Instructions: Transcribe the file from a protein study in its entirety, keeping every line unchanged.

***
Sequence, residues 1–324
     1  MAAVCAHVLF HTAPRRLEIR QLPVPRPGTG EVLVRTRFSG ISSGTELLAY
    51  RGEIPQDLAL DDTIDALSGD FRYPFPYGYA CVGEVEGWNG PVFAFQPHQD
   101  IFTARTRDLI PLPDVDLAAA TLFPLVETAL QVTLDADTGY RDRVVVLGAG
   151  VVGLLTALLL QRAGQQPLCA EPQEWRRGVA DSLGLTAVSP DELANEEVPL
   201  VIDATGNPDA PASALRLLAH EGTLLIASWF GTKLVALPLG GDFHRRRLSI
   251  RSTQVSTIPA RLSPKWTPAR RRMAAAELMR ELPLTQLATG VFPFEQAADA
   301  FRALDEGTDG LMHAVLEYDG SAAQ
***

Sequence, residues 1–324
     1  MAAVCAHVLF HTAPRRLEIR QLPVPRPGTG EVLVRTRFSG ISSGTELLAY
    51  RGEIPQDLAL DDTIDALSGD FRYPFPYGYA CVGEVEGWNG PVFAFQPHQD
   101  IFTARTRDLI PLPDVDLAAA TLFPLVETAL QVTLDADTGY RDRVVVLGAG
   151  VVGLLTALLL QRAGQQPLCA EPQEWRRGVA DSLGLTAVSP DELANEEVPL
   201  VIDATGNPDA PASALRLLAH EGTLLIASWF GTKLVALPLG GDFHRRRLSI
   251  RSTQVSTIPA RLSPKWTPAR RRMAAAELMR ELPLTQLATG VFPFEQAADA
   301  FRALDEGTDG LMHAVLEYDG SAAQ